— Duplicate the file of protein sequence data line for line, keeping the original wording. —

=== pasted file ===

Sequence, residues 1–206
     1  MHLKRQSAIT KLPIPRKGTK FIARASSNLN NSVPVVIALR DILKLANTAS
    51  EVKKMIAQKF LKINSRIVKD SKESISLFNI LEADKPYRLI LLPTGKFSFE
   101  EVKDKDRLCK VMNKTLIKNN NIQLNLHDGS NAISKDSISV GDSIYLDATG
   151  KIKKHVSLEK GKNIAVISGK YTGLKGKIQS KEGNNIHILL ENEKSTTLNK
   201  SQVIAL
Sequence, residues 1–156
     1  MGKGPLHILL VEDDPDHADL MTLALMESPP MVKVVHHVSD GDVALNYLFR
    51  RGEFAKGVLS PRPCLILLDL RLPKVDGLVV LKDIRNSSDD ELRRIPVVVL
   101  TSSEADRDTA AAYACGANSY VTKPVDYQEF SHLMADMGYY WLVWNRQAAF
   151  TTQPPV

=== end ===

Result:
Sequence, residues 1–206
     1  MHLKRQSAIT KLPIPRKGTK FIARASSNLN NSVPVVIALR DILKLANTAS
    51  EVKKMIAQKF LKINSRIVKD SKESISLFNI LEADKPYRLI LLPTGKFSFE
   101  EVKDKDRLCK VMNKTLIKNN NIQLNLHDGS NAISKDSISV GDSIYLDATG
   151  KIKKHVSLEK GKNIAVISGK YTGLKGKIQS KEGNNIHILL ENEKSTTLNK
   201  SQVIAL
Sequence, residues 1–156
     1  MGKGPLHILL VEDDPDHADL MTLALMESPP MVKVVHHVSD GDVALNYLFR
    51  RGEFAKGVLS PRPCLILLDL RLPKVDGLVV LKDIRNSSDD ELRRIPVVVL
   101  TSSEADRDTA AAYACGANSY VTKPVDYQEF SHLMADMGYY WLVWNRQAAF
   151  TTQPPV